The Master Plan
To develop Newark’s 10-year Master Plan, 10,000 voices spoke and what they said was heard. This, the essential backbone of the plan, resulted in Newark360, the forward-looking blueprint for the city’s equitable physical development.
The title came about organically from the idea that the Master Plan should take a 360-degree view encompassing every aspect of city life, overlooking no segment. The Planning Board issued unanimous approval for Newark360.
“Newark360 encompasses the ideas, visions, dreams, and aspirations of Newarkers themselves, not academic or bureaucratic planners,” said City of Newark Mayor Ras J. Baraka. “It was created through nearly two years of community engagement, the most wide-ranging and inclusive outreach the city has ever undertaken.”
The outreach touched residents in every neighborhood and every walk-of-life. Face-to-face community workshops in each ward, focus groups, and community meetings and feedback from young people provided insight. A highly interactive website enabled the public to share ideas, review documents, and hold Facebook Live discussions.
“We are grateful for the people who participated, because Newark360 could not exist without the voices and priorities of Newarkers,” the Mayor added.
The goal of the Baraka Administration from his very first year in office in 2014 focused on creating equity in every aspect of Newark life—health, safety, education, home ownership, and business opportunity.
Newark360’s objective is to take long-range steps in those core principles, so that every resident has a stake in the city’s continued development and success. The implementation of the Newark360 Master Plan outreach illustrated how Mayor Baraka lives up to his 2014 campaign slogan: “When I become Mayor, we become Mayor.”
As one resident said, “I love the diversity of this city and its spirit. It’s hard to name the sense of grit, determination, and pride Brick City residents have in one word. I’m so excited to be part of its present and future.”
Newark360 provides action and work to grow connections between city neighborhoods and job centers, create more affordable housing, strengthen the city’s historical and cultural fabric, and address environmental injustices.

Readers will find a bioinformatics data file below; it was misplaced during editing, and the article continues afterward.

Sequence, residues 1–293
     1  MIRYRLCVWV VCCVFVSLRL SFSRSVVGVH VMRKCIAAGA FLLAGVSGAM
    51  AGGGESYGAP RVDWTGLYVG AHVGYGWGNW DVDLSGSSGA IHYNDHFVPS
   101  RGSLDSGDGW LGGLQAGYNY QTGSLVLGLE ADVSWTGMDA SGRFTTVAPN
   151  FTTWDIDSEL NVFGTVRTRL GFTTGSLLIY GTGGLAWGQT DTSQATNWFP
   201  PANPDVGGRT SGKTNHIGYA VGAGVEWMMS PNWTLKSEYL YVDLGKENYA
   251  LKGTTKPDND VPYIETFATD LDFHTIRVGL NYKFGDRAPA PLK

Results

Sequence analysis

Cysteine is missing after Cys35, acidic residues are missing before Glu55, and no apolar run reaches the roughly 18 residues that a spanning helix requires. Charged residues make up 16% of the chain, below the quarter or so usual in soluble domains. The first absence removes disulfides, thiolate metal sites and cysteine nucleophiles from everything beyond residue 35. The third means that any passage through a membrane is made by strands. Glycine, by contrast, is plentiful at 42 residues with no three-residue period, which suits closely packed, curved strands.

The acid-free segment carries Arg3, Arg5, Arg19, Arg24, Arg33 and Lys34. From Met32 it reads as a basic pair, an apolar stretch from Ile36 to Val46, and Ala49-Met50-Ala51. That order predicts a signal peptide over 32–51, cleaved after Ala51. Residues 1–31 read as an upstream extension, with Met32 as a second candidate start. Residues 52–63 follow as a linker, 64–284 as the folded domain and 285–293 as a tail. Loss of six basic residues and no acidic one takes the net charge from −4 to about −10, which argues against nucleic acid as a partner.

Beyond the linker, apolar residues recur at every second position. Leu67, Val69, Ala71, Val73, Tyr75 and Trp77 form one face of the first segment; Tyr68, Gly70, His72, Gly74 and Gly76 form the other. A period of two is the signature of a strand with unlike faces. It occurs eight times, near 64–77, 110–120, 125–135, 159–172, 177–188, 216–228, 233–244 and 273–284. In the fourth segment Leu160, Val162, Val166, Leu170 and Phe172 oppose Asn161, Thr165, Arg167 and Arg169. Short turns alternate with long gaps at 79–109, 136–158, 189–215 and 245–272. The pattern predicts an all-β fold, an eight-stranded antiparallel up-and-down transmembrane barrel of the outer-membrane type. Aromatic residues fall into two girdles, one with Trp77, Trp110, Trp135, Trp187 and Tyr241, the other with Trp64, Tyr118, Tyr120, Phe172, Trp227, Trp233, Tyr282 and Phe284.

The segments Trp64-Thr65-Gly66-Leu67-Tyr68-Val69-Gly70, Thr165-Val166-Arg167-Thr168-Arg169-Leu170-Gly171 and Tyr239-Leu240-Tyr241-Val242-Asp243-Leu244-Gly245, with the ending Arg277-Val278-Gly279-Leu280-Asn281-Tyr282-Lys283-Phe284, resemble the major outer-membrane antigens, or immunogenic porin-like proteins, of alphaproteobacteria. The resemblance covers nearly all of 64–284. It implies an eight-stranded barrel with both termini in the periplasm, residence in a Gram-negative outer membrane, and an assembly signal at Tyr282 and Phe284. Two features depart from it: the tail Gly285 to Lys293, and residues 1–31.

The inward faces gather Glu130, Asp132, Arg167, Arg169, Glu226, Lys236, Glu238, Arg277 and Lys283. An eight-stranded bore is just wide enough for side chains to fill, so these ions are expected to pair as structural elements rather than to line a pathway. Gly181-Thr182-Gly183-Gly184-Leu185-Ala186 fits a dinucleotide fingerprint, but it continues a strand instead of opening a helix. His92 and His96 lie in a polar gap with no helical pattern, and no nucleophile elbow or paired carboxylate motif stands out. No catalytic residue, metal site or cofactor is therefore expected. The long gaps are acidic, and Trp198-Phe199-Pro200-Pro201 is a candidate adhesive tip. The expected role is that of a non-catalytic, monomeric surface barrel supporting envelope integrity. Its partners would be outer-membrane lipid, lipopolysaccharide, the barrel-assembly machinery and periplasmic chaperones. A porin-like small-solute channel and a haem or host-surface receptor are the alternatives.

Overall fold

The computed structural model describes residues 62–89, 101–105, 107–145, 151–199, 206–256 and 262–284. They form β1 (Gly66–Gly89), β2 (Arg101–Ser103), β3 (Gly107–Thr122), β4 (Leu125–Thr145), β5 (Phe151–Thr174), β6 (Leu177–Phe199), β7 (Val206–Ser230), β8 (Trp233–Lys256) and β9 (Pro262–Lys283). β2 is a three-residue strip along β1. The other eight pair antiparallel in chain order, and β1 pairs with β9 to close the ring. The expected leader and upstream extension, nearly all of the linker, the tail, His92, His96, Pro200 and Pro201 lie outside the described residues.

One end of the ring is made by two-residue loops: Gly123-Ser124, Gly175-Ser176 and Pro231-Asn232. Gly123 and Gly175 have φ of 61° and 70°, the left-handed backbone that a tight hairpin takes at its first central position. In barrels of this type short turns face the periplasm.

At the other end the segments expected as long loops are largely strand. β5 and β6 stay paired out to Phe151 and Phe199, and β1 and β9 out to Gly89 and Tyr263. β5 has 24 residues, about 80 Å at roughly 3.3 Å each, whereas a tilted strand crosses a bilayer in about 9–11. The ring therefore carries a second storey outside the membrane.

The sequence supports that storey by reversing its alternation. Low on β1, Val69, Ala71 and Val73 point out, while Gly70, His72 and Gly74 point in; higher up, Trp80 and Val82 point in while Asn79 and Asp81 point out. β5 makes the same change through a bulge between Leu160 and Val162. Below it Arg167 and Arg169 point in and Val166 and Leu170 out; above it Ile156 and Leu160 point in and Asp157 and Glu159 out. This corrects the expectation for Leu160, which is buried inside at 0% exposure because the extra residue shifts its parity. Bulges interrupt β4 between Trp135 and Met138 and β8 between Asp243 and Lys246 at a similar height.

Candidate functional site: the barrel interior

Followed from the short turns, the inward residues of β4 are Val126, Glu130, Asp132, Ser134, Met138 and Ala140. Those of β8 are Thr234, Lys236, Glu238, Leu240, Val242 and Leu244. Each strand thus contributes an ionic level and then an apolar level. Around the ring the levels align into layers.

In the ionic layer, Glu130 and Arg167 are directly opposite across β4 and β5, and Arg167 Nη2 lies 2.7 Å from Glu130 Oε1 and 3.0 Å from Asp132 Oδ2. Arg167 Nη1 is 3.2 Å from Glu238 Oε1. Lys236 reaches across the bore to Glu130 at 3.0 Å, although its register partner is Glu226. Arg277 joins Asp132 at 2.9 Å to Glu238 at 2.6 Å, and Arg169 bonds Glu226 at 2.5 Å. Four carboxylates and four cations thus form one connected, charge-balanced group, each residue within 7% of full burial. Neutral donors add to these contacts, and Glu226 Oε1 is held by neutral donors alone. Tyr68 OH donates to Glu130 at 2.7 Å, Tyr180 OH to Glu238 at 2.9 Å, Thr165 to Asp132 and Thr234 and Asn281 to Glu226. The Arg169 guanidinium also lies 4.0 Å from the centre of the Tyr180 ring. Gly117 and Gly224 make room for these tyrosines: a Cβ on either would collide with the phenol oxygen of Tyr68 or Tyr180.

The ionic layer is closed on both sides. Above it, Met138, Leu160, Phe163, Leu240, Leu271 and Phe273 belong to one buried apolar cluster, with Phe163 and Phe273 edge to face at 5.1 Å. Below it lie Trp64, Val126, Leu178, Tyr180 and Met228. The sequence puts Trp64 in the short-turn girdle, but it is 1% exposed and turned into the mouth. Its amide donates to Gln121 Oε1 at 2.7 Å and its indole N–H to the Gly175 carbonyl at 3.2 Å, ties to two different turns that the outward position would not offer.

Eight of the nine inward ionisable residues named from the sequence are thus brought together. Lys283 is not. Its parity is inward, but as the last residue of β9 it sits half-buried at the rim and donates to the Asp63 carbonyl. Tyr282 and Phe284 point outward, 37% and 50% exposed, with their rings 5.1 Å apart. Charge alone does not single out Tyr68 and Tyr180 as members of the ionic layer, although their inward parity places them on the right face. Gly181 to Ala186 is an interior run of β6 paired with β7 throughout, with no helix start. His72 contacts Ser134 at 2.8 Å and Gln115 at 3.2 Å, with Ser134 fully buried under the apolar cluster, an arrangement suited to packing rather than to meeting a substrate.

Just a few of its elements are:
• Sustainability and preparation for the inevitable impact of climate change.
• Better connection of neighborhoods via public transit and pedestrian infrastructure to take people beyond the downtown core.
• Support for neighborhood businesses with micro-capital startup funds.
• Utilization of the land bank to promote non-institutional ownership of commercial property and increase home ownership.
• Foster more affordable housing through zoning change, increased density on key corridors, and allow accessory dwelling units.
• Create Newark Airport City initiative, which could build a light rail into the Dayton neighborhood, generating more opportunities for growth and business.
• Support the vision of the Newark Arts and Education District and continue to herald downtown as a place for galleries, restaurants, parks, public art, and educational institutions.
• Support legislation and zoning for Newark to become a 24/7 city, to enhance our cultural history as a music and nightlife destination and create a livelier and welllit downtown.
• Create broader commercial zoning in our neighborhood “downtowns” to foster more business opportunity and shopping experiences in the wards.
• Establish and expand green zones to reduce the city’s heat index, and create a large tree canopy to shade larger parts of Newark’s neighborhoods.
Of course, these actions require that Newark Municipal Council pass ordinances to update the underlying land use and zoning codes, thus providing the legal framework for implementing the proposed actions.
However, as Newark saw in the lead-line replacement program, the council passed an ordinance to allow the city to change service lines without the homeowner’s permission. the council is expected to act similarly in the city’s best interest concerning Newark360.
The implementation of Newark360 will require the same citywide vision and cooperation that birthed the ideas that formed it. From Newark’s proud residents, we expect no less.